It also might temper a sense of betrayal among moderate rebels who feel Obama encouraged their uprising by calling for Assad to go but then abandoned them, failing even to enforce his own "red line" against Syria's use of chemical weapons.

This, in turn, might deter them from migrating to Islamist groups such as the Nusra Front, which the United States regards as Syria's al Qaeda branch. The group in July said it had cut ties to al Qaeda and changed its name to Jabhat Fatah al-Sham. ANOTHER TRY AT DIPLOMACY

The U.S. and Russian foreign ministers will meet in Lausanne, Switzerland on Saturday to resume their failed effort to find a diplomatic solution, possibly joined by their counterparts from Turkey, Qatar, Saudi Arabia and Iran, but

U.S. officials voiced little hope for success.

Friday's planned meeting at the White House and the session in Lausanne occur as Obama, with just 100 days left in office, faces other decisions about whether to deepen U.S. military involvement in the Middle East -- notably in Yemen and Iraq -- a stance he opposed when he won the White House in 2008.

Earlier Thursday the United States launched cruise missiles at three coastal radar sites in areas of Yemen controlled by Iran-aligned Houthi forces, retaliating after failed missile attacks this week on a U.S. Navy destroyer, U.S. officials said.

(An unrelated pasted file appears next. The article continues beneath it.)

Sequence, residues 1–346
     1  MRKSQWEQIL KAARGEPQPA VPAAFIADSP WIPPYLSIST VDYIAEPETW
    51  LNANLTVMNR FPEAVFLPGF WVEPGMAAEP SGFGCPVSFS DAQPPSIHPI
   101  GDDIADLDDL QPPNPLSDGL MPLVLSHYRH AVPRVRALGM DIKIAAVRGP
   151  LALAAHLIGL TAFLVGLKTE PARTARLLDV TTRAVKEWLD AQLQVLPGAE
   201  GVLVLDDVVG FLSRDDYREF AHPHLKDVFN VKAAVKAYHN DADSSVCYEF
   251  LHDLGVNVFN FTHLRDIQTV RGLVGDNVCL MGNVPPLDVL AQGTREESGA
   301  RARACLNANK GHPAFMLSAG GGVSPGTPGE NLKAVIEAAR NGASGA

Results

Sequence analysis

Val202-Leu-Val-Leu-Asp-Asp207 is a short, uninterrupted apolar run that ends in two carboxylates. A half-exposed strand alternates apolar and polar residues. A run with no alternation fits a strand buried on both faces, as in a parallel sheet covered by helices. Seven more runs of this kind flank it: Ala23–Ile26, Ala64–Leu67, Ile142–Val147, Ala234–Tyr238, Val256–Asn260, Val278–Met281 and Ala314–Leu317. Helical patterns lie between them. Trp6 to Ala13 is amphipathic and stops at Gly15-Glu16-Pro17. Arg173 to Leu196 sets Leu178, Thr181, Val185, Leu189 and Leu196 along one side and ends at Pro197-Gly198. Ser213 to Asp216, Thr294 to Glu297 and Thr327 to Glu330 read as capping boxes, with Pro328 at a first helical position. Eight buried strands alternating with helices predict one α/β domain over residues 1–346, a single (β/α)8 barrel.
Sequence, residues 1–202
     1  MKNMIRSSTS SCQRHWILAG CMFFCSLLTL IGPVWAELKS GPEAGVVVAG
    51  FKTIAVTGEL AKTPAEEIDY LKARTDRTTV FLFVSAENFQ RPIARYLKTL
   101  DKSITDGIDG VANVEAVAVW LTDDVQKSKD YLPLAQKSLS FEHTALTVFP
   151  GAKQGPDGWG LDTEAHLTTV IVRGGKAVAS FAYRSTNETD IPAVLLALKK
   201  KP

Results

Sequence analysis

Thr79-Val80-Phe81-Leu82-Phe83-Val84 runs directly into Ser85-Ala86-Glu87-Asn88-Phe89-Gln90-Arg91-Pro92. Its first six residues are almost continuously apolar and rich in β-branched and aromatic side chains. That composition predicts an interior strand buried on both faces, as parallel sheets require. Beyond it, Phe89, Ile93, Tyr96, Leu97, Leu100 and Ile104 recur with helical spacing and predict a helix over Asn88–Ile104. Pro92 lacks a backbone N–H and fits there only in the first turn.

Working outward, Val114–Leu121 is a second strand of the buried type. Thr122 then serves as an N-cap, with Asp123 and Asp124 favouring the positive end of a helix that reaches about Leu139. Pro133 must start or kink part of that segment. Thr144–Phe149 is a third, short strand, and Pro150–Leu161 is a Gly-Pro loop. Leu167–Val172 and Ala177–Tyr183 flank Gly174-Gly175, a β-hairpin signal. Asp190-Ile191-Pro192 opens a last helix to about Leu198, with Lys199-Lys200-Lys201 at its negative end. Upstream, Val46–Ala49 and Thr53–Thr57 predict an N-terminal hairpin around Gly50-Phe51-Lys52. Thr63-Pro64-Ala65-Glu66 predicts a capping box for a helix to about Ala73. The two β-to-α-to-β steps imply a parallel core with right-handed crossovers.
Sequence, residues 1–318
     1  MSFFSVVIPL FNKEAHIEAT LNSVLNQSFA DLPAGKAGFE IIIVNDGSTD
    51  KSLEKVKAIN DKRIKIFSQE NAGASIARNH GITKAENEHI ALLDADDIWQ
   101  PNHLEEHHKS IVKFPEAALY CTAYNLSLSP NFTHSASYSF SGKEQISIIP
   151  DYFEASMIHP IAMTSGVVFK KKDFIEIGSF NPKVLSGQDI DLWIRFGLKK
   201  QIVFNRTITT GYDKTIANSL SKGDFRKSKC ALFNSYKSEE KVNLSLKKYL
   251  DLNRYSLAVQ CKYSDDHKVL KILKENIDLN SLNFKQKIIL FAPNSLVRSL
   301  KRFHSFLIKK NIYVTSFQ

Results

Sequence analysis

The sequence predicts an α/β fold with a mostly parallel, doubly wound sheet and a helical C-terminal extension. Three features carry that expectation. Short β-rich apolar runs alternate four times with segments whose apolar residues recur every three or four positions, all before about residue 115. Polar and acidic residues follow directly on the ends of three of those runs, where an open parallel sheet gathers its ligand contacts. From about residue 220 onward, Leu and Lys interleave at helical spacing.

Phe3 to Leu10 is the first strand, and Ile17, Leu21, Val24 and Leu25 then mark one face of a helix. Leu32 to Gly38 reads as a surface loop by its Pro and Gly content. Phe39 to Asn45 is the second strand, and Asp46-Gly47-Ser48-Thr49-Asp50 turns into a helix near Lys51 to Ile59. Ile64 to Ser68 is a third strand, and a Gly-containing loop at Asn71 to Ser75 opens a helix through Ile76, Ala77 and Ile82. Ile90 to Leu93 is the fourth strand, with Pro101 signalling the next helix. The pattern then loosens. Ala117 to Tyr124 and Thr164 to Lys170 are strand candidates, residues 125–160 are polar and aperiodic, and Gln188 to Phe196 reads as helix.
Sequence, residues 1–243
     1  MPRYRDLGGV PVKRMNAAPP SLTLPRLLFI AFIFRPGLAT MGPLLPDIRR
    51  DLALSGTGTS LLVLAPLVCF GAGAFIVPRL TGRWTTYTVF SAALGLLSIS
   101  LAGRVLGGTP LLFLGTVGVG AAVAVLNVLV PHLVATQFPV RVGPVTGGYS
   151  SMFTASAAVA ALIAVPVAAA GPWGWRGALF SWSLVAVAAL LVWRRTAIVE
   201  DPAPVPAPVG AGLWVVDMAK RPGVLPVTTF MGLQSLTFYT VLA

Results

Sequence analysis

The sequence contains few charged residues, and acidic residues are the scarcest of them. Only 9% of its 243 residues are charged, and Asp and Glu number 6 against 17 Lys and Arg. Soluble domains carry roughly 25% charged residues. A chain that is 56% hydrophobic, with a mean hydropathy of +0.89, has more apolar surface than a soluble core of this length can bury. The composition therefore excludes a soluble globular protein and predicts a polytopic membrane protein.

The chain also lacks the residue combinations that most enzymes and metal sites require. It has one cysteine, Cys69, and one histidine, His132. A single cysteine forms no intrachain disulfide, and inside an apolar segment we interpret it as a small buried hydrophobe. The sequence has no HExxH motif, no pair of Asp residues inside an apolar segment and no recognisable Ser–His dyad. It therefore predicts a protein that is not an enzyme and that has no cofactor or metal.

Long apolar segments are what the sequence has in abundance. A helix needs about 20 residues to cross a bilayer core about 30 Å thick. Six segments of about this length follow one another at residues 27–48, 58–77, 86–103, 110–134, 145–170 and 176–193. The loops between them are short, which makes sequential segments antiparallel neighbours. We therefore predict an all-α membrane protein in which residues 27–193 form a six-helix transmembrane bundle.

In Iraq, U.S. officials are debating whether government forces will need more U.S. support both during and after their campaign to retake Mosul, Islamic State’s de facto capital in the country.

Some officials argue the Iraqis now cannot retake the city without significant help from Kurdish peshmerga forces, as well as Sunni and Shi'ite militias, and that their participation could trigger religious and ethnic conflict in the city.

U.S. military strikes Yemen after missile attacks on U.S. Navy ship
In Syria, Washington has turned to the question of whether to take military action after its latest effort to broker a truce with Russia collapsed last month.

The United States has called for Assad to step down, but for years has seemed resigned to his remaining in control of parts of the country as it prosecutes a separate fight against Islamic State militants in Syria and in Iraq.

The U.S. policy is to target Islamic State first, a decision that has opened it to charges that it is doing nothing to prevent the humanitarian catastrophe in Syria and particularly in Aleppo, Syria's largest city.